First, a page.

Identification of new RNA substrates for the NMD and exosome RNA surveillance pathways in Saccharomyces cerevisiae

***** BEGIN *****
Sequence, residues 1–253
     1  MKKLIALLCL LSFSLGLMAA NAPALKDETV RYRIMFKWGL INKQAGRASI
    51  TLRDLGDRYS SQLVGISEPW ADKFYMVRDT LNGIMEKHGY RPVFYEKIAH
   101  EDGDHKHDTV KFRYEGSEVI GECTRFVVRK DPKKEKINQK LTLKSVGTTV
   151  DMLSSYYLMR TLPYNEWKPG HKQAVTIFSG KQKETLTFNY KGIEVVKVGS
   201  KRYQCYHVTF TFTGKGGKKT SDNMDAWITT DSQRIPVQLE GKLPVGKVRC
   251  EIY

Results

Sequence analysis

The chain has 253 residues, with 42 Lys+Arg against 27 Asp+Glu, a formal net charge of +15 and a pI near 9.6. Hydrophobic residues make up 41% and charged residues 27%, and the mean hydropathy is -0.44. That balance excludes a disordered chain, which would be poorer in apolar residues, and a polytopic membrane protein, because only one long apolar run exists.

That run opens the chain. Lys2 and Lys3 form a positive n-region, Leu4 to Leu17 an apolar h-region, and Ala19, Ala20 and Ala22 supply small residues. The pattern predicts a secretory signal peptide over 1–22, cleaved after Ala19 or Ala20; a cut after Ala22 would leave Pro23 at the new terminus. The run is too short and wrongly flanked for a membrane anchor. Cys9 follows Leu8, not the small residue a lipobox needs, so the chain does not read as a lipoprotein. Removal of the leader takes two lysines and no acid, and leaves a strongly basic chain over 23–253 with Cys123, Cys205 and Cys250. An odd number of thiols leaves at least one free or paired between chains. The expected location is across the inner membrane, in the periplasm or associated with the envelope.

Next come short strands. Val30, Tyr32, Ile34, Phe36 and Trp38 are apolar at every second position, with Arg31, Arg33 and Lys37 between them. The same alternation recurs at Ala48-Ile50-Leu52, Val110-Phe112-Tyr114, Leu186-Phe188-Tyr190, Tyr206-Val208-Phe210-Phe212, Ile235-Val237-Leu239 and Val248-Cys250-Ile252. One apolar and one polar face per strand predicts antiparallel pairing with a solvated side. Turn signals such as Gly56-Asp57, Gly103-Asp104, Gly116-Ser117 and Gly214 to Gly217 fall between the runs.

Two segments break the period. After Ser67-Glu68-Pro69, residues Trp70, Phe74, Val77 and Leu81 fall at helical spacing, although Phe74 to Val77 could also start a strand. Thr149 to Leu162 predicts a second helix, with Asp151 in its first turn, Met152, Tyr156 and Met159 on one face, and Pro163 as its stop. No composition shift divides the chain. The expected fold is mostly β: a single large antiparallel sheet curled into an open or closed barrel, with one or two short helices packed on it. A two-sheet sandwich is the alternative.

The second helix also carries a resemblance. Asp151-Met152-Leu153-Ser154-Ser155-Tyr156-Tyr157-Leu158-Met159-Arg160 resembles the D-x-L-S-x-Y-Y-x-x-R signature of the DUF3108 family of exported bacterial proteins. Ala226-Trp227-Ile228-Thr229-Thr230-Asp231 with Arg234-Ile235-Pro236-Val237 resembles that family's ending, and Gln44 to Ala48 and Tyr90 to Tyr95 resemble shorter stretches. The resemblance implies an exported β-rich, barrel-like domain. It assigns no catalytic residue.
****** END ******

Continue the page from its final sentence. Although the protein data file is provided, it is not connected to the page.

Using the yeast, Saccharomyces cerevisiae, as a model system, we utilized Affymetrix tiling arrays to globally investigate novel targets of the nonsense mediated decay pathway. The research that has been presented in the first chapter of this dissertation is centered around the investigation of extended transcripts and the degradation pathways that contribute to its rapid turnover in yeast cells. This work was published in the online version of the journal, PLoS Genetics. The work that is presented in the second chapter is based on our findings that intron-retained or unspliced RNAs are markedly stabilized in NMD mutant strains which led us to conclude the widespread impact of the nonsense mediated decay pathway in the degradation of unspliced RNAs. We further expanded our work and showed that introns emanating from NMD-sensitive loci can elicit an NMD-sensitive phenotype in trans, which led us to conclude that the intron (intronic sequences) are necessary for proper NMD-targeting. We further discovered that sequences located within the 5'SS as well as the branchpoint (BP) are responsible in part for the generation of unspliced/inefficiently spliced transcripts. Lastly, we showed that amino acid starvation results in a transient inhibition of nuclear splicing resulting in hyperaccumulation of unspliced transcripts. Under this condition, we elucidated a stress-specific role for the NMD pathway in rapidly targeting and degrading these unspliced transcripts. The results that have been presented in the second chapter of this dissertation have been published in the Molecular Cell journal (August 8th, 2008 issue). The third chapter (part) of this dissertation explores themes that have directly evolved from the first part. Specifically, the second part has shown that there are more complex routes for the degradation for unspliced transcripts besides the NMD pathway. In particular, synergistic modes of degradation involving components of the nuclear exosome and factors involved in NMD function to limit and hence degrade these unspliced transcripts. Decay measurements were undertaken to show that there are unspliced RNAs whose degradation mode depends on a synergistic mode of degradation requiring both the nuclear exosome component, Rrp6p and the NMD factor, Upf1p. Conversely, we found a class of unspliced transcripts whose turnover relies largely on the action of the NMD pathway and not on synergistic degradation. We further expanded our research and showed that inactivation of an essential, conserved, yeast RNA export factor, Mex67p, results in the nuclear sequestration and degradation of normally cytoplasmically degraded unspliced transcripts. This result highlighted the generic features of RNA degradation and has shown that temporal changes (such as malfunction of proper nuclear-to-cytoplasmic RNA trafficking) cause spatial redistribution and degradation of the unspliced RNA. We have also shown that the nuclear periphery factor, Mlp1p, could have a potential role in the retention of nuclear-degraded unspliced RNA. Deletion of this factor led to an increase in the cytoplasmic concentration of the unspliced RNA which was then degraded by the NMD pathway.